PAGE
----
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Tag: War on Terrorism

The US Book Review of My Book

The Great American Family Eric Hoffer Award Winner.jpg

The US Book Review of my book The Great American Family: A Story of Political Disenchantment 

The true and gripping story of an all-American girl charged with illegally selling telecommunications equipment to Iraq. However, her co-conspirator turns out to be a CIA operative, possibly working on a project to bug Saddam Hussein and his top henchmen.

The author makes good use of firsthand accounts, skillfully weaving them together to show how the “War on Terror” has blurred or perhaps frayed our criminal justice system. As an Iraqi-American journalist the author has the prefect background to tell this story. Settings are well-depicted and characters come to life so that it’s tempting to skip ahead to learn the resolution. This book takes a hard look at how terrorism, oppression, and sanctions invite hypocrisy, abuse of power and double-dealing. One hopes this isn’t an example of the new normal for America but fears that it is.

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9/11 Recurs Every 3 1/2 Months

911 Memorial

Early Thursday morning, April 11, gun violence survivors and families of victims finished reading the names of all the people who have been killed by guns since the Sandy Hook Elementary School shooting less than four months prior. The list of over 3300 people took 12 hours to read.

The total number of people who died in the 9/11 attacks was 2977. With the 9/11 attacks, the U.S. government responded within a blink of an eye. They made plans for the War on Terrorism, thus began the invasions of Iraq and Afghanistan. Many lives were lost and destroyed. However, if you were to ask any government official who gave their consent to the wars, they’d likely say, “We think the price was worth it” – the exact answer that their colleague Madeline Albright had given decades ago when she was asked if the death of 500,000 Iraqi children due to the UN imposed sanctions on Iraq was worth it.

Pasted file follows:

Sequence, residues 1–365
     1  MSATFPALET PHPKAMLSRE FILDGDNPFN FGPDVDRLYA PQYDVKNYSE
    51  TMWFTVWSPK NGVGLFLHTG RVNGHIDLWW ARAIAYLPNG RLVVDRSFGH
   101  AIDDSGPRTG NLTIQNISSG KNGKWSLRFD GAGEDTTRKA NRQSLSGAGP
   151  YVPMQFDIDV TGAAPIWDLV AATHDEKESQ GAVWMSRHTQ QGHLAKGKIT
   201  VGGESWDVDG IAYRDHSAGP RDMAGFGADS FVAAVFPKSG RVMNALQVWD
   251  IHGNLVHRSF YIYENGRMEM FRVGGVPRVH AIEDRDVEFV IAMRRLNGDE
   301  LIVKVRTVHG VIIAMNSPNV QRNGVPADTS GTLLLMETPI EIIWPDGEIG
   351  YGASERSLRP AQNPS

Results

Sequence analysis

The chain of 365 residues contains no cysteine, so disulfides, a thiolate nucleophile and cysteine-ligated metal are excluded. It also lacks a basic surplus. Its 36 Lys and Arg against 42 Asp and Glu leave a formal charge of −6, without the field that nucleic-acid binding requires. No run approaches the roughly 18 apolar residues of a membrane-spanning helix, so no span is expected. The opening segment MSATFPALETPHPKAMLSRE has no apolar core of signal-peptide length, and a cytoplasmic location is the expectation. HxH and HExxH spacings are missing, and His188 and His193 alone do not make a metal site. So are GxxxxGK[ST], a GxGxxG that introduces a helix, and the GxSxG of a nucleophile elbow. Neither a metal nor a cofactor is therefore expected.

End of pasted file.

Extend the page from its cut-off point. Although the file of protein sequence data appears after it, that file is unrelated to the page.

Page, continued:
Over 1,057,000 have been killed in the United States by gun violence since John Lennon was shot and killed on December 8, 1980. That’s 1,054,000 more people than those who died in 9/11, and that’s only counting the last 22 years. Yet a few days ago, something as simple as President Obama’s background check reform plan failed to win enough votes by the senate.

My question is this: are not your average everyday victims of gun violence, who outnumber the victims of 9/11 by more than a million, worthy of consideration when making the slightest changes regarding the very thing that took their lives? And, why is it always so much easier to pass laws that destroy people (war) rather than laws that help save people (health and gun reform)?